(aka Maggie Hughes)
November 5, 1951 – November 4, 2012
Predeceased by her parents Gertrude and Elmo Hewitt. Sister to James Hewitt and aunt to Sherri (Michael) Currie, Karen (Ross) McLean, Valerie (Andy) Laszlo, and Sarah (Justin) Plant. Great aunt to five nephews and a niece. Maggie will be sadly missed by her family and friends, especially Adele Carey and Florence Schrieber. An activist, broadcast journalist, involved with independent media, musician, artist and of one soul with nature. Following her wishes, cremation has taken place. Friends and family will gather at TRUSCOTT, BROWN & DWYER FUNERAL CHAPEL (1309 King Street East, across from Gage Park at the delta) on Saturday, November 17 from 1 to 3:30 pm, followed immediately by a celebration of her life in the funeral home chapel.
"Thanks for listening"
Published November 09, 2012 on raisethehammer.org
Maggie Hughes has died after a long struggle with multiple sclerosis. Maggie was an independent journalist and a tireless advocate for social justice, citizen activism and environmental sustainability. For 12 years she produced a weekly radio program on CFMU 93.3 FM called The Other Side that reported and examined news and events from a grassroots rather than an institutional perspective.
Her topics of interest included the Alberta Oilsands, global warming, pollution, corporate globalization, justice for First Nations communities, sustainability, civil rights, the concentration of wealth, environmental destruction, and government accountability. She published interviews with scientists, activists and advocates to present more detailed information and background that could not be found in the sound-bite media.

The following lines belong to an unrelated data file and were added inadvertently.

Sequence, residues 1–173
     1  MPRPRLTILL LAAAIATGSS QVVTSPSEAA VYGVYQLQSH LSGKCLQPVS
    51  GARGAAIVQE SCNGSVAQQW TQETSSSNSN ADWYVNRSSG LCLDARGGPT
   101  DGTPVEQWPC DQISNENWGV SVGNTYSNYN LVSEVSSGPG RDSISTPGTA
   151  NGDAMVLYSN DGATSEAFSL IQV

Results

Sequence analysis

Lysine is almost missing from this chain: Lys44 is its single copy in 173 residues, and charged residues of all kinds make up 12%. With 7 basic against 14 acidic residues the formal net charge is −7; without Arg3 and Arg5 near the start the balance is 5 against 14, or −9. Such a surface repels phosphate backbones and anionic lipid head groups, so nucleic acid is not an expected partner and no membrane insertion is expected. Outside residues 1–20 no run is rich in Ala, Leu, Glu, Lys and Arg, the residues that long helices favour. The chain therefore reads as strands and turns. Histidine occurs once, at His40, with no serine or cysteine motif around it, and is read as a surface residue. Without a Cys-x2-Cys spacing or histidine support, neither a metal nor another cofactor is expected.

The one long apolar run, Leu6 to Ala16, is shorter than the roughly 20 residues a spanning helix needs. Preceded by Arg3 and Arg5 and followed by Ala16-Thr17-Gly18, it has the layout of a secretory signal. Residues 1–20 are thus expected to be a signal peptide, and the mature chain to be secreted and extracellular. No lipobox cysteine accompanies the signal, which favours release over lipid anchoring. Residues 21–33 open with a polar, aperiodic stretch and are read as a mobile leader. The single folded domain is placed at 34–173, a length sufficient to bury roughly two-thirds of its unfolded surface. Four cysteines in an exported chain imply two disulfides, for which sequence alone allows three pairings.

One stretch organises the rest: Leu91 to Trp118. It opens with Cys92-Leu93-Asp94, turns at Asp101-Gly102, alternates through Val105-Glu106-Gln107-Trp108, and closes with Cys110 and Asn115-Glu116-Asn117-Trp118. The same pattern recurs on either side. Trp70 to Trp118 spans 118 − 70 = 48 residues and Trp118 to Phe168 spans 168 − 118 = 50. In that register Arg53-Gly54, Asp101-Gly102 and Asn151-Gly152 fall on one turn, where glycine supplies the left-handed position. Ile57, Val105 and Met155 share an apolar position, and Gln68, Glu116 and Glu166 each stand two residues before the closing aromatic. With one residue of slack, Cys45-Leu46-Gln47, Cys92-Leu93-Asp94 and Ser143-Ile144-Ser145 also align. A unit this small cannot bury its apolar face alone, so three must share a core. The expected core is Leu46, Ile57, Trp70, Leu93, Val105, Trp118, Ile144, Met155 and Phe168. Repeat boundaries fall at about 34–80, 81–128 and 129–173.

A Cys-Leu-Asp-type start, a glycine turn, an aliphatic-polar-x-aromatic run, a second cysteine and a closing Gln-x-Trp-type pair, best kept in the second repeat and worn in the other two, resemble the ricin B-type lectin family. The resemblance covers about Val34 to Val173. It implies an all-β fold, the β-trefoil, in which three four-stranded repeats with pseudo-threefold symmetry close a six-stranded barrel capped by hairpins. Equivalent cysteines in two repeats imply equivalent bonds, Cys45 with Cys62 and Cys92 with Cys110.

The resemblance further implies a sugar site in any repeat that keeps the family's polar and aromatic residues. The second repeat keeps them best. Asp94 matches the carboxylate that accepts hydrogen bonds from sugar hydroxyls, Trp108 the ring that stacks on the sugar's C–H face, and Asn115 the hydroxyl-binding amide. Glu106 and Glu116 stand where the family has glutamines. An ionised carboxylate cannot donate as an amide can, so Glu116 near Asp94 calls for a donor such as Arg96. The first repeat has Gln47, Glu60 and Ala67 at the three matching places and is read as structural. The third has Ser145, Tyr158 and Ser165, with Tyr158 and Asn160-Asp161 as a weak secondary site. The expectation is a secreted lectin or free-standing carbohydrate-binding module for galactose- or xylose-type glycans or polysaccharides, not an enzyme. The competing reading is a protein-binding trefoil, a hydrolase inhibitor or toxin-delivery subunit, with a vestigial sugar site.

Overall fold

Just before her death, Maggie focused on the Enbridge plan to run diluted bitumen through a 37 year old pipeline that passes through Hamilton on its way east. On October 30, she published audio recordings of the citizen delegations to the City's General Issues Committee on the plan.
Maggie suffered from multiple sclerosis, a degenerative inflammatory disease that attacks the nervous system and leads to progressive physical and cognitive disability.
Despite her disease and its unpredictable but increasingly debilitating symptoms, Maggie continued single-handedly to publish detailed reports on important issues, producing thousands of hours of audio and video recordings from public meetings, protests, lectures and other events.
James Tennant, program director at CFMU, writes about her dedication. "We remember a woman who needed a motorized chair, yet hitched a ride on the back of a motorcycle to gather news from Caledonia in 2006."
In her last email to me, Maggie expressed her deep frustration dealing with MS:
"I can tell you it is like living in a circus of constant change. Very difficult. ... Be nice if I made some people understand that MS isn't just about going lame, or having speech struggles. It is far more."
Maggie's relentless dedication to social justice in Hamilton has long been a major inspiration for me, not only through her willingness to get involved but also as an example of what a difference one person can make with determination and skill.
She will be deeply missed.